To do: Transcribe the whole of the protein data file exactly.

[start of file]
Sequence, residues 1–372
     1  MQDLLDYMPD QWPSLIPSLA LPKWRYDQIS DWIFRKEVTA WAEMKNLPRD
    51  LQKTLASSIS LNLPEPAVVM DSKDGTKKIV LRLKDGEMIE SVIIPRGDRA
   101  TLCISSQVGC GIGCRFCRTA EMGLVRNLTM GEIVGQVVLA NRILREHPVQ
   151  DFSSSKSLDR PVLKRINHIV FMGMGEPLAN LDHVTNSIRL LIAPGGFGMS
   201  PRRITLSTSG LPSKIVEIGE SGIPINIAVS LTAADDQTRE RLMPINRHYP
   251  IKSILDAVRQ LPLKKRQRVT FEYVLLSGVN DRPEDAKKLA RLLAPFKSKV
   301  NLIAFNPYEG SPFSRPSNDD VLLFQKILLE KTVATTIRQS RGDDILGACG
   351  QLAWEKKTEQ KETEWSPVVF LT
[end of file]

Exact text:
Sequence, residues 1–372
     1  MQDLLDYMPD QWPSLIPSLA LPKWRYDQIS DWIFRKEVTA WAEMKNLPRD
    51  LQKTLASSIS LNLPEPAVVM DSKDGTKKIV LRLKDGEMIE SVIIPRGDRA
   101  TLCISSQVGC GIGCRFCRTA EMGLVRNLTM GEIVGQVVLA NRILREHPVQ
   151  DFSSSKSLDR PVLKRINHIV FMGMGEPLAN LDHVTNSIRL LIAPGGFGMS
   201  PRRITLSTSG LPSKIVEIGE SGIPINIAVS LTAADDQTRE RLMPINRHYP
   251  IKSILDAVRQ LPLKKRQRVT FEYVLLSGVN DRPEDAKKLA RLLAPFKSKV
   301  NLIAFNPYEG SPFSRPSNDD VLLFQKILLE KTVATTIRQS RGDDILGACG
   351  QLAWEKKTEQ KETEWSPVVF LT